Fungus gnats, also known as sciarid flies, are often associated with house plants and seed trays.
What are fungus gnats?
The adults are small flies but it is the compost-dwelling larvae that sometimes damage seedlings and cuttings. There are many species of fungus gnats, or sciarid flies, most of which are entirely harmless.
Adult fungus gnats are greyish brown flies that are mostly 3-4mm long. They can be seen running over the surface of seed trays and pots, or they fly slowly around plants. The larvae are slender white maggots, up to 6mm long, with black heads. Their bodies are semi-transparent and it is often possible to see the dark coloured gut contents. They live in the soil or potting compost. Unfortunately this insect thrives particularly well in certain peat-free media that contains composted green waste. Potting media formulated for houseplants is the best choice for indoor plants.
Adult fungus gnats do not damage plants but they can cause annoyance when they are flying around house plants. The larvae feed mainly on dead roots and other decaying plant material and associated fungal growth. Some species of fungus gnats may also feed on soft plant growth, such as seedlings and the base of soft cuttings. Established plants are unlikely to be damaged by fungus gnat larvae.
Fungus gnats are really only of concern if they are causing damage to seedlings or cuttings; established plants are not harmed. If the adult flies are a nuisance, their numbers can be reduced by placing some yellow sticky traps near the plants. These are available from garden centres as Agralan Yellow Sticky Traps, Bayer Greenhouse Fly Catcher, Growing Success Greenhouse Whitefly Traps and Vitax Whitefly Traps.
Biological control is also an option. There are pathogenic nematodes (Steinernema feltiae), predatory mites (Hypoaspis miles) and a predatory rove beetle (Atheta coriaria) available by mail order from various biocontrol supply companies. These biocontrols are added to the potting compost where they will help control the eggs, larvae and pupal stages in the fly's life cycle.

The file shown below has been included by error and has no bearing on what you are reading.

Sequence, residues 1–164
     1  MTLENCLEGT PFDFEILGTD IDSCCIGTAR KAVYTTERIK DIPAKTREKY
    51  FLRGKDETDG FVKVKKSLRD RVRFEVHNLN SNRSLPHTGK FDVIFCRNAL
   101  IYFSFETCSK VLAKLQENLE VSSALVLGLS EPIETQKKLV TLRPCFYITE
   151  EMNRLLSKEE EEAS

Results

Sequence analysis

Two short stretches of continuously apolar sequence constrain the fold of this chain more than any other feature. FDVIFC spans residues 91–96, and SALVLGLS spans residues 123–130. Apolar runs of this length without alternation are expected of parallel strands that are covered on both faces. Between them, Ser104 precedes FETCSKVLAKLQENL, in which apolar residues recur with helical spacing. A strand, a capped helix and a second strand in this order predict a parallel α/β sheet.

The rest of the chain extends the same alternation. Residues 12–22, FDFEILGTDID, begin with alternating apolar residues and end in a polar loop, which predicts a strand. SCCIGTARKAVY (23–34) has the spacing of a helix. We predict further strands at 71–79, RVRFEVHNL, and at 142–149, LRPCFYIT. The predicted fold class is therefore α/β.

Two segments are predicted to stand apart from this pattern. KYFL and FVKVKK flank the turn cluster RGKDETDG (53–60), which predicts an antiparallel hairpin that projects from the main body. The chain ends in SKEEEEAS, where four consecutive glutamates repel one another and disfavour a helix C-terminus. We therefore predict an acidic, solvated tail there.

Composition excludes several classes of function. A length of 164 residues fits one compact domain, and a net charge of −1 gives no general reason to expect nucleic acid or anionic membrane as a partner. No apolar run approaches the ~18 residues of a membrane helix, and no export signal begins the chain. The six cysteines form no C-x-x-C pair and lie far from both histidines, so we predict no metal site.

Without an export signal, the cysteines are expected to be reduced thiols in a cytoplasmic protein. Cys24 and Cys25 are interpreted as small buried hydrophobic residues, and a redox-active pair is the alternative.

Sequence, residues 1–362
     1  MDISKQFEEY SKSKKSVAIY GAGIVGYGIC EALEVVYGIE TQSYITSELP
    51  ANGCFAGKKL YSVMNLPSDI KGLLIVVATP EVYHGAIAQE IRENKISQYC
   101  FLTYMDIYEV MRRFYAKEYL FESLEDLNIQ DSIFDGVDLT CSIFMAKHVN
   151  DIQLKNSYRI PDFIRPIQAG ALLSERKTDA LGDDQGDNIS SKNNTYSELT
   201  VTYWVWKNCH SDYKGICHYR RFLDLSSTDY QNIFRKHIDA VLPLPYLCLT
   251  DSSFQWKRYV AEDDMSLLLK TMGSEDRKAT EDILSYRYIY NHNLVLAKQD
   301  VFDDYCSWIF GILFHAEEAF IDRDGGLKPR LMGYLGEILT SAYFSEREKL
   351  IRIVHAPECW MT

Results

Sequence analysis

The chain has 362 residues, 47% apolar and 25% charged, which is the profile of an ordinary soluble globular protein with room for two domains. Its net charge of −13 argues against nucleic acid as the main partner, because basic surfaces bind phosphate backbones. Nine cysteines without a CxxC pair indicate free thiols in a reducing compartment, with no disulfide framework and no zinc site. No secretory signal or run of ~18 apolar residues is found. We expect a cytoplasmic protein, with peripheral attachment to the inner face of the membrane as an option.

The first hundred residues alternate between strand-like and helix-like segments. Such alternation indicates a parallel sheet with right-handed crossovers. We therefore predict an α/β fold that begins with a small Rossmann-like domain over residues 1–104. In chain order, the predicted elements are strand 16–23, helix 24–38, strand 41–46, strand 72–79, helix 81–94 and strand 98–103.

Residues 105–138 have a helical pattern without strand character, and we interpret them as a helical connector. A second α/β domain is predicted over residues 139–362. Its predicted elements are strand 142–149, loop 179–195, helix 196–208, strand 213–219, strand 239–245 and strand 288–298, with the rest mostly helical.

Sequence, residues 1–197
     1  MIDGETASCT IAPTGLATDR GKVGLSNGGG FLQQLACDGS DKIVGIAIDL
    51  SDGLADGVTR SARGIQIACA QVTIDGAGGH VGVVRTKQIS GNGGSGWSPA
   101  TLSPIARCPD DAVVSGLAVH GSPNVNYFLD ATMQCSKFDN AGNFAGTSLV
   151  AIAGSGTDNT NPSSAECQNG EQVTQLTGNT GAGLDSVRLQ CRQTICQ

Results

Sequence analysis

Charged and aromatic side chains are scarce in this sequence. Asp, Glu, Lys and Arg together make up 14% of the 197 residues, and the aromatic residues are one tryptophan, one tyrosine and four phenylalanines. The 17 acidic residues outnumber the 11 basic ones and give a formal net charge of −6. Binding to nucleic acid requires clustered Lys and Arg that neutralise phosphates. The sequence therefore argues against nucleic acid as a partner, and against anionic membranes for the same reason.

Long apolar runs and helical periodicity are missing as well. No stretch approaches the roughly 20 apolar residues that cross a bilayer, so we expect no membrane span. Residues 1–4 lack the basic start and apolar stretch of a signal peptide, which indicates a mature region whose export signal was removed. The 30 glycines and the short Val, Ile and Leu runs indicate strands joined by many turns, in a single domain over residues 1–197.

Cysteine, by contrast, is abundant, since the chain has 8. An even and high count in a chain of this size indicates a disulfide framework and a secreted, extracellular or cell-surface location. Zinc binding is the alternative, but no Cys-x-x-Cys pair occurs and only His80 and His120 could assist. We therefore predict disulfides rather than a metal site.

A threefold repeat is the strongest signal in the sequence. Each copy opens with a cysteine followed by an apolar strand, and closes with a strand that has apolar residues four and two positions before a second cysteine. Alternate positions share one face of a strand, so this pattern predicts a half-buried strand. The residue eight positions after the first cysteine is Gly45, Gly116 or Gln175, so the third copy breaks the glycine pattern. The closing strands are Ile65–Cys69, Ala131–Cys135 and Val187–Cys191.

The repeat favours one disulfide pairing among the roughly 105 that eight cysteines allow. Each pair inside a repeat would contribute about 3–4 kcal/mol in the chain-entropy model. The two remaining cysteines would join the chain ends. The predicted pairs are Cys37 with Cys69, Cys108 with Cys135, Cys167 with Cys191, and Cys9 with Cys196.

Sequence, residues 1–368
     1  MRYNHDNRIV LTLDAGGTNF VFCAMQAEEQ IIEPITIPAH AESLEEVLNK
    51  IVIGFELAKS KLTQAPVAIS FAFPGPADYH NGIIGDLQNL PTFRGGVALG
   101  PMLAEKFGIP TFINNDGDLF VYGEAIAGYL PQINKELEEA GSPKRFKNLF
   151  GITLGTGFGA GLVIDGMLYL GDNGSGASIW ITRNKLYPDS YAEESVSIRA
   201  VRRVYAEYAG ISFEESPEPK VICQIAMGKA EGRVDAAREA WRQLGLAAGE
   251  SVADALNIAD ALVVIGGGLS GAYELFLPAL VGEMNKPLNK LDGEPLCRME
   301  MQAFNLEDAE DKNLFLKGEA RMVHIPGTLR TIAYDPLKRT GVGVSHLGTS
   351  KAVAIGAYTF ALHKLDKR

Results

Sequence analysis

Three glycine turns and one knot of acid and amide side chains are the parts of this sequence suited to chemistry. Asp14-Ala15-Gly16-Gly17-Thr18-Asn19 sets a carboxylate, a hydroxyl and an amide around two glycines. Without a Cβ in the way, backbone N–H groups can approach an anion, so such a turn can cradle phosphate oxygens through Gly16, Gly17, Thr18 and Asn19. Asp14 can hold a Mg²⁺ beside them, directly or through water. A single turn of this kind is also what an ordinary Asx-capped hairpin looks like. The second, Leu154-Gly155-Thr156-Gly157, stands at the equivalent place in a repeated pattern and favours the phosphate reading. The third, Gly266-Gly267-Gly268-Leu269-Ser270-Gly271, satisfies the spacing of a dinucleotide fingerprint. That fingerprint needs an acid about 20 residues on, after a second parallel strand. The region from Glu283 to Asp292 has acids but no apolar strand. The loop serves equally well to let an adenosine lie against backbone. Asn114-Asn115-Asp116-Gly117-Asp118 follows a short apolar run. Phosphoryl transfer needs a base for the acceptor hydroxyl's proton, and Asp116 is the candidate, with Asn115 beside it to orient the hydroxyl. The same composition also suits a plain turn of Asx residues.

Contact insecticides such as pyrethrum (Py Spray Garden Insect Killer Spray, Doff All in One Bug Spray or Scotts Bug Clear Gun for Fruit & Veg) or deltamethrin (Bayer Sprayday Greenfly Killer) will control the adult flies but this may give only temporary respite if more adults emerge from pupae in the compost.
Pesticides for gardeners (Adobe Acrobat pdf document outlining pesticides available to gardeners)
Fungus gnats can breed all year round in greenhouses and houses. The females deposit eggs in the surface layer of the potting compost and these hatch within a few days under warm conditions. The larvae feed on fungal growth and decaying plant material but some species can also damage the roots of seedlings or tunnel into the base of soft cuttings. When fully fed, the larvae pupate in the soil. During the summer the life cycle can be completed in about a month.